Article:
For me, it’s full of many right messages at the right time in my life. My favorite quote, which is now prominently posted in orange on my office wall is going to be my anthem for the year. Stoddard says, “Search, not for the ideal later, but for the actual good now. You must have a point of view, a perspective on life. You always have a choice to select the window you look out from. Choose the best possible view.” The italics are mine.

Choosing the best possible view is going to be tough for me! I trust I’m not alone in struggling to see the positive side of things. I’m pretty sure that the work of finding that view is going to pay off tremendously for me. This year is going to be about finding ways to get to that best view.

The first idea I’ve had to help myself get there is to take the first ten minutes of my daughter’s nap to find three positive things to say to myself about myself. I struggle to no end to be happy with myself.In the few days that I have done this, I sense a lightness of  being. I want more of it! I hope to find more as I write and share my journey with whoever wants to join me.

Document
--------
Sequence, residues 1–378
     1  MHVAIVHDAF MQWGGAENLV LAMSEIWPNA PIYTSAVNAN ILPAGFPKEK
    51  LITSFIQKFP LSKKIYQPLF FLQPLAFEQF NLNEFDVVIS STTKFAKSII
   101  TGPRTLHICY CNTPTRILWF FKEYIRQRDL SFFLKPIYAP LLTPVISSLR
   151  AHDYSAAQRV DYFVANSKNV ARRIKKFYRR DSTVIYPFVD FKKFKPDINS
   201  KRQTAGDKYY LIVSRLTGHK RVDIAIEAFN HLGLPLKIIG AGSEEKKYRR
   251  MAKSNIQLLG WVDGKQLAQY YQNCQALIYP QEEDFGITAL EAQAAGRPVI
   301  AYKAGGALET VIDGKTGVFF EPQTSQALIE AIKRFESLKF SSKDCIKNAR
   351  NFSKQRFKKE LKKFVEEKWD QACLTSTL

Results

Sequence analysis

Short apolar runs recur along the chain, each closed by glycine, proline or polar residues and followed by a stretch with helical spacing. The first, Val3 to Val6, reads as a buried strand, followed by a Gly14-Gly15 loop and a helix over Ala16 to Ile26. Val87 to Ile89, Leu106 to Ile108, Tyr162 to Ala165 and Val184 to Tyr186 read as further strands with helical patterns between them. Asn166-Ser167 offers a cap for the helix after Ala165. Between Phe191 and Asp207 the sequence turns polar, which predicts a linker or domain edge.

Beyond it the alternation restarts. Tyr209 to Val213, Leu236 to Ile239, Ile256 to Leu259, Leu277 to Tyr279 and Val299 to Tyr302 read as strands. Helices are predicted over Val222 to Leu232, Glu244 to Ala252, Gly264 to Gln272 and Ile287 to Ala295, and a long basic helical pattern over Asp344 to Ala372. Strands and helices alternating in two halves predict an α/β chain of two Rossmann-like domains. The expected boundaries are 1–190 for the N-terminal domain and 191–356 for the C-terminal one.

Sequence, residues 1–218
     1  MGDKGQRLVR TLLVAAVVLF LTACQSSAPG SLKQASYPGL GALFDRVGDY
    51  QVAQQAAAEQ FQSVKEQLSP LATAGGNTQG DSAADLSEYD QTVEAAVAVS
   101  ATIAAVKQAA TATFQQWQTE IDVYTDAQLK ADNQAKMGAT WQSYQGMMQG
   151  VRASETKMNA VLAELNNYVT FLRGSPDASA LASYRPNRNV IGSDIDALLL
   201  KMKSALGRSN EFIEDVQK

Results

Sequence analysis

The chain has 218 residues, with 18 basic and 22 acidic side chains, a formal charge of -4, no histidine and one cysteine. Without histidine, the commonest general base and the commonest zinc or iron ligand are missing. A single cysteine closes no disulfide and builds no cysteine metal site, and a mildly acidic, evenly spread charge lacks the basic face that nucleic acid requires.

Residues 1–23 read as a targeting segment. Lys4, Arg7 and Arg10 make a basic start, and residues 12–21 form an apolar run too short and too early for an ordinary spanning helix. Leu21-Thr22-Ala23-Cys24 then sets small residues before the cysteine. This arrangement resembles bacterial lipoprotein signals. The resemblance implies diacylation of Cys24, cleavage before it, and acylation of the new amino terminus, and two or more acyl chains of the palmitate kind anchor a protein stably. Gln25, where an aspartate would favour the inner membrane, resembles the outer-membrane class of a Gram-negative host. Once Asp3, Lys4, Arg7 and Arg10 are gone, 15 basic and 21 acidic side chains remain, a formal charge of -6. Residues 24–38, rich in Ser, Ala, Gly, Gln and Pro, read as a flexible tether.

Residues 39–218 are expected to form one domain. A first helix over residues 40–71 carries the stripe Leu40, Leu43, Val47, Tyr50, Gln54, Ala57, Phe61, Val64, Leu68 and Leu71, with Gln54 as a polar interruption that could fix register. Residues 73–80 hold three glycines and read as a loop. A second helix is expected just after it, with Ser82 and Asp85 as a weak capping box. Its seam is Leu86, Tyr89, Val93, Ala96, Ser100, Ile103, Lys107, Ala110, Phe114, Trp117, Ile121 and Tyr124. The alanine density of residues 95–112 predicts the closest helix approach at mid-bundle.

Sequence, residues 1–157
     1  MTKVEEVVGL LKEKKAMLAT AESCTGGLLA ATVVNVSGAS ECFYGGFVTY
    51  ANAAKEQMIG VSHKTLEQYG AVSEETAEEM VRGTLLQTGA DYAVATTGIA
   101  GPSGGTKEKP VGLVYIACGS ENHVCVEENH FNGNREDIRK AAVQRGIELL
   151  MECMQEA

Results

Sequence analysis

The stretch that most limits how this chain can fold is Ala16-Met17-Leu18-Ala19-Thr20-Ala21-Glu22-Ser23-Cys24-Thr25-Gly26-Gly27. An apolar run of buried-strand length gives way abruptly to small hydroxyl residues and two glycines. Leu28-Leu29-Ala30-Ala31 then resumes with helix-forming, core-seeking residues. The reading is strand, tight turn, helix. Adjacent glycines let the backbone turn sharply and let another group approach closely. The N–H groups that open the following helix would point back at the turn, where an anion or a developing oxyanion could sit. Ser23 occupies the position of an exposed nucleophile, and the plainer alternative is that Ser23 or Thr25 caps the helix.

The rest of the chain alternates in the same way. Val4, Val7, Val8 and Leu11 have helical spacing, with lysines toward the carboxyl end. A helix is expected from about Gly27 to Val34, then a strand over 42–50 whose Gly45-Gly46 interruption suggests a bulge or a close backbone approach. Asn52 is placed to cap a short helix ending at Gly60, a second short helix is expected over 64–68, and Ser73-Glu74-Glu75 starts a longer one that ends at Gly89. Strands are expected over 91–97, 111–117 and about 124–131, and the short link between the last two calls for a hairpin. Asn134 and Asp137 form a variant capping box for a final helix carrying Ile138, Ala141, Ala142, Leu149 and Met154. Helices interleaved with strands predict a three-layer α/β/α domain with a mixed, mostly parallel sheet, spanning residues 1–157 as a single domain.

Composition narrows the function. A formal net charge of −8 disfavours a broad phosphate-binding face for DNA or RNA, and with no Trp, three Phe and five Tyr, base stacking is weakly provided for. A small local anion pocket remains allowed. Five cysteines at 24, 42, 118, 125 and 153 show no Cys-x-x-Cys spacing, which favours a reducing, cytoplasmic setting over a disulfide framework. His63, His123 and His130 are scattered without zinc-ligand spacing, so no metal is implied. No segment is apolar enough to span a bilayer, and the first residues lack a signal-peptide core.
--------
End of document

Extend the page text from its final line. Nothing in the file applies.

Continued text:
Do Fun Stuff!

30 Aug

It’s hard not to admire people who seize every opportunity to do something meaningful and beautiful.  Ryan Marshall, blogger of Pacing the Panic Room, has done just that.  Marshall made the choice to love his stepson fully.  And then he and his wife learned that his stepson, who he refers to as his Little Buddy, has a rare genetic disorder, Smith-Magenis Syndrome.  Upon finding out that there is very little known about this syndrome, Marshall and his wife decided that they would set out to inspire more research.

To raise money to create awareness and a larger knowledge base about SMS, Marshall got a number of very cool artists to donate their time and energy to create a “kid’s record for parents.”

I bought the album not only because I wanted to support the cause, but also because I really enjoyed the music and knew it would be appropriate for my little one sometime in the near future.  Honestly, it’s a fun, positive album, and many of the songs are so low key kid songs that the tag line Marshall adopted is spot on.